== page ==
A pile of manure in Spain ignited on June 27, sparking a wildfire that has torn through more than 10,000 acres of forest and other Catalonian landscapes, CNN reports. The manure combusted in part because of a scorching heat wave that has swept across Europe this week; temperatures in the affected region hit 104°F, and Germany, Poland, and the Czech Republic all reached record-breaking June temps. Catalan regional interior minister Miquel Buch reported that authorities believe the manure was improperly stored on a chicken farm in the village of La Torre de l’Espanyol, where it was exposed to the worst of the heat, according to NBC News. The wildfire—Spain’s most devastating in 20 years—is affecting the region just west of Tarragona, a port city that is best known for its Roman ruins, which is situated along the Balearic Sea about 60 miles southwest of Barcelona. [[{"fid":"315211","view_mode":"width-constrained-728","fields":{"format":"width-constrained-728","field_file_image_title_text[und][0][value]":false,"field_file_image_alt_text[und][0][value]":"Map of Catalonia, Spain","field_image_subhead[und][0][value]":"","field_image_subhead[und][0][format]":"unfiltered","field_caption[und][0][value]":"","field_caption[und][0][format]":"unfiltered","field_credits[und][0][value]":"PeterHermesFurian%2C%20iStock%2FGetty%20Images%20Plus","field_credits[und][0][format]":"unfiltered"},"type":"media","field_deltas":{"1":{"format":"width-constrained-728","field_file_image_title_text[und][0][value]":false,"field_file_image_alt_text[und][0][value]":"Map of Catalonia, Spain","field_image_subhead[und][0][value]":"","field_image_subhead[und][0][format]":"unfiltered","field_caption[und][0][value]":"","field_caption[und][0][format]":"unfiltered","field_credits[und][0][value]":"PeterHermesFurian%2C%20iStock%2FGetty%20Images%20Plus","field_credits[und][0][format]":"unfiltered"}},"link_text":false,"attributes":{"alt":"Map of Catalonia, Spain","height":728,"width":728,"class":"media-element file-width-constrained-728","data-delta":"1"}}]] The firefighting force includes about 350 firefighters, 12 fire engines, seven aircraft, two hydroplanes, and additional vehicles equipped with water tanks—all of which are techniques regularly used to fight massive blazes. Though high temperatures are expected to continue and the rough terrain itself is also a contributing factor in the rapid spread of the fire, the strong winds should soon abate; authorities have warned people to stay inside. Though more than 50 people have been evacuated from the area, no deaths have been reported thus far. While the spontaneous combustion of flammable materials like manure, hay, or compost is definitely possible, as evidenced by this situation, it’s not the most common way for wildfires to start. More common causes include lit cigarettes, unattended campfires, burning debris, and engine sparks. [h/t CNN]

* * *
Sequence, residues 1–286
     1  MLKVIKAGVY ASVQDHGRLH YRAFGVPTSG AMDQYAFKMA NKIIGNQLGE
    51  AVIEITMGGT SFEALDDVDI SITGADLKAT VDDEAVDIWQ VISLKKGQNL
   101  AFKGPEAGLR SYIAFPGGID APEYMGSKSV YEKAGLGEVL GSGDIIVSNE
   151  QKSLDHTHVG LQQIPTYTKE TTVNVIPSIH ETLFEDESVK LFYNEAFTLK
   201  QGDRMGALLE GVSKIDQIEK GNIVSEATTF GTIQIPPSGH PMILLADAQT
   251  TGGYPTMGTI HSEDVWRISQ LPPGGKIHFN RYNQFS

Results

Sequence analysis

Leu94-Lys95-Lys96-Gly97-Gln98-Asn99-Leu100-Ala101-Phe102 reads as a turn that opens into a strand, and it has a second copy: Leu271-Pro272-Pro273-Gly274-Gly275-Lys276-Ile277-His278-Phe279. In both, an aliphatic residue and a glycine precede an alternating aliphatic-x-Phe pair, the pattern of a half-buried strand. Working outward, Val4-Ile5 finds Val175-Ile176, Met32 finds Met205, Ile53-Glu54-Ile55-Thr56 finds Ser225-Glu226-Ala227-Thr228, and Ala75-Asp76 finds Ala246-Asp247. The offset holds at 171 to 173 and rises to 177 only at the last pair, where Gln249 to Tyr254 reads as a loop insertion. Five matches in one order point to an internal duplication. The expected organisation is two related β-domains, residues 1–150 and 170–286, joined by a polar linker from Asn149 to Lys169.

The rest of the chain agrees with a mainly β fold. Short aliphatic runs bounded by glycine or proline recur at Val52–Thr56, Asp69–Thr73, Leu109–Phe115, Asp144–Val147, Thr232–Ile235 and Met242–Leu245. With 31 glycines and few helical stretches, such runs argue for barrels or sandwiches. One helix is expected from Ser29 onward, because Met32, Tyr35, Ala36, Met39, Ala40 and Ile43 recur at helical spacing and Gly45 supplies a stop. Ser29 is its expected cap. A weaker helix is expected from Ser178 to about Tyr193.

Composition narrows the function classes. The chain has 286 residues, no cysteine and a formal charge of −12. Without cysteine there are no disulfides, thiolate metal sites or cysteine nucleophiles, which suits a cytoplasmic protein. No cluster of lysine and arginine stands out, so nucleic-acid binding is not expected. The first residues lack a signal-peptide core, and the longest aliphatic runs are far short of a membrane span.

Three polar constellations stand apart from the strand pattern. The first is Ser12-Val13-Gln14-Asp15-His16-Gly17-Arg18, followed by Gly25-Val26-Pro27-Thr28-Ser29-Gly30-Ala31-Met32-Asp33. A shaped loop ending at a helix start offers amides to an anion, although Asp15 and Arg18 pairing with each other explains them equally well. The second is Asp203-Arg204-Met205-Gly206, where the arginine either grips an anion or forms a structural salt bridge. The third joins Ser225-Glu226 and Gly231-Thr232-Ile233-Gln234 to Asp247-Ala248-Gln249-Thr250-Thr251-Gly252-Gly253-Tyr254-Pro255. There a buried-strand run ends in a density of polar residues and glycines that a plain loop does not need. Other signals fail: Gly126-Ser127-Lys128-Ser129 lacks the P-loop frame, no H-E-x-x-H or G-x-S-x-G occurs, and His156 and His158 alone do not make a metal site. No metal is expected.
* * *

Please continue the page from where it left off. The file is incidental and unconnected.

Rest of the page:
Colorado Welcomed Summer With 2 Feet of Snow